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Home :: Archive :: 2006 :: June ::
What happens to the Fool in _Lear_?
The Shakespeare Conference: SHK 17.0533  Monday, 5 June 2006

From: 		John Crowley <
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Date: 		Saturday, 03 Jun 2006 08:18:02 -0400
Subject: 	What happens to the Fool in _Lear_?

I can't see that the line is problematic at all.  Disaster has come in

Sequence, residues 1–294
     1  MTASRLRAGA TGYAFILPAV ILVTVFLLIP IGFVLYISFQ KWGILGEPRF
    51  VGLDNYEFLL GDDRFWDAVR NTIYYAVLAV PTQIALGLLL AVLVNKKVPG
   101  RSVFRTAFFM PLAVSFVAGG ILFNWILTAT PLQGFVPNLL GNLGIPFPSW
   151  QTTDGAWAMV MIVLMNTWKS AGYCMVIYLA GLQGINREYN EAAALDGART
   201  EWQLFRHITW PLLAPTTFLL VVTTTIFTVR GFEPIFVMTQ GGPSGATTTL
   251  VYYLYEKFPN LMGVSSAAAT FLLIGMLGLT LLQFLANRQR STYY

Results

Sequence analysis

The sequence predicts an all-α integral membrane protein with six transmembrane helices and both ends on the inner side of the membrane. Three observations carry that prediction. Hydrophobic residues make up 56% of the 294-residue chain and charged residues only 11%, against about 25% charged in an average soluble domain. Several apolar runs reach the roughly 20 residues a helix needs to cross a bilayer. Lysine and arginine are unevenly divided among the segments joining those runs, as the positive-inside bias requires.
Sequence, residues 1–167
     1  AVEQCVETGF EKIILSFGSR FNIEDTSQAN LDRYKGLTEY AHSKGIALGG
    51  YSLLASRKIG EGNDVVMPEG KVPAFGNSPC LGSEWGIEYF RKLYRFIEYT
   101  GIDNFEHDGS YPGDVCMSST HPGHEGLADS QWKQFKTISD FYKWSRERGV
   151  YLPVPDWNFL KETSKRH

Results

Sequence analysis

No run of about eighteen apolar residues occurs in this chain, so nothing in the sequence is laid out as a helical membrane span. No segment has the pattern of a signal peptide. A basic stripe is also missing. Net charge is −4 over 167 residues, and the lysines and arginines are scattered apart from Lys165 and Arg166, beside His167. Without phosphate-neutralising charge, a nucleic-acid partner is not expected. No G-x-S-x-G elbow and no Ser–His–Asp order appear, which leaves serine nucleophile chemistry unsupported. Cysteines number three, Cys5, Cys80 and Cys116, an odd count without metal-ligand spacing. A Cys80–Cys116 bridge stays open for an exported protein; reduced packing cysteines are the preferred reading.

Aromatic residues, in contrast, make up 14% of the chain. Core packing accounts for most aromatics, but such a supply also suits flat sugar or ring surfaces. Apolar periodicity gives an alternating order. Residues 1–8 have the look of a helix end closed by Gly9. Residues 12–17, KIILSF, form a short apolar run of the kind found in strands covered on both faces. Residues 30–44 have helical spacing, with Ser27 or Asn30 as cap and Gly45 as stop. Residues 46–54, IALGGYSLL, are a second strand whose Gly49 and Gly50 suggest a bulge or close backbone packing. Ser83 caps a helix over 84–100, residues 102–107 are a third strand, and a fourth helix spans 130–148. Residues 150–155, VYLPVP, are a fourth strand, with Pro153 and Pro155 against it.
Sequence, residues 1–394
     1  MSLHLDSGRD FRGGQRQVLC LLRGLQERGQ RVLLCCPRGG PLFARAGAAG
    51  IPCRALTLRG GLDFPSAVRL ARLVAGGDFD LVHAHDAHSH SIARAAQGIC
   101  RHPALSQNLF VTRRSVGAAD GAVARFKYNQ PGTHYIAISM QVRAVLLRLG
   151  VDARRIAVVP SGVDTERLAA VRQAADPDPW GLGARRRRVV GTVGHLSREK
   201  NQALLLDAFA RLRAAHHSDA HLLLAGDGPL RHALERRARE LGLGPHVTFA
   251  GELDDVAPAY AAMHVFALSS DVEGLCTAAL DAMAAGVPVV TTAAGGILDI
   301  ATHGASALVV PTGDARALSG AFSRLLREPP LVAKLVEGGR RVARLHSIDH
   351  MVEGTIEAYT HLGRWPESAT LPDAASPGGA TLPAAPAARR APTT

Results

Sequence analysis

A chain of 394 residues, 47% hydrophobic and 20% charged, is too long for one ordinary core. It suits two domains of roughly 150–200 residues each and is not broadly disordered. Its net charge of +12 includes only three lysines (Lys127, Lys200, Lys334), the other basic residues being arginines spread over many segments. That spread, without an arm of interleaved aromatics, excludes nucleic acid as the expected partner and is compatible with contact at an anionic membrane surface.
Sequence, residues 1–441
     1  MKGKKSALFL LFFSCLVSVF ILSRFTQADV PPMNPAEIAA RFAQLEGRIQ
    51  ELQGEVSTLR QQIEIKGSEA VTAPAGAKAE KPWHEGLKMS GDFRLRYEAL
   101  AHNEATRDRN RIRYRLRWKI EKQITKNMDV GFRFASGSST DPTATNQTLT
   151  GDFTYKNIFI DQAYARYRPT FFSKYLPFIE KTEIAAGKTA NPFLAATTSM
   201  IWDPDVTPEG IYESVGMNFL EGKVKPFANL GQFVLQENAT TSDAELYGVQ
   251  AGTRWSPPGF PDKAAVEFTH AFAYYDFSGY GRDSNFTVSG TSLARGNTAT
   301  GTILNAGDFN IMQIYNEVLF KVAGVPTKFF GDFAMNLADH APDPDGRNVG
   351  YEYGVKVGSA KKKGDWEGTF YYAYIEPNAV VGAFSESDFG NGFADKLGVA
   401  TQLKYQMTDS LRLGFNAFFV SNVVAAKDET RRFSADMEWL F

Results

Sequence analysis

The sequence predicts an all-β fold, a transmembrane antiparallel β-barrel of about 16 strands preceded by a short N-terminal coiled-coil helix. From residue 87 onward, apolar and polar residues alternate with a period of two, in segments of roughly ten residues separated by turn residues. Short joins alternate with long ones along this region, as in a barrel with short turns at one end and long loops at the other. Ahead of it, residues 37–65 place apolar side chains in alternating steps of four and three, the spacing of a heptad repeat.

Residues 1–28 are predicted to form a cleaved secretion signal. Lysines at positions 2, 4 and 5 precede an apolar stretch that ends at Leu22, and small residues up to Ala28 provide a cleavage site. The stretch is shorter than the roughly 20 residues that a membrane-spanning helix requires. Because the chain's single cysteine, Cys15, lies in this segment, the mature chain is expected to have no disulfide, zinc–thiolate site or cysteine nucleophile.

all aspects of life; people are dying on all sides.  Lear mentions the 
fool dying the way anyone would report on more disasters of war.  It's 
exactly this suddenly-coming-to-mind of one more blow that makes it so 
poignant:  amid all the things that have befallen me and my kingdom, 
there is this one too, that in a different time I might have time or 
space to mourn.  These deaths in war announced casually -- aren't there 
more in Shakespeare?  The hanging of Nym and Bardolph in Henry V, for 
instance.

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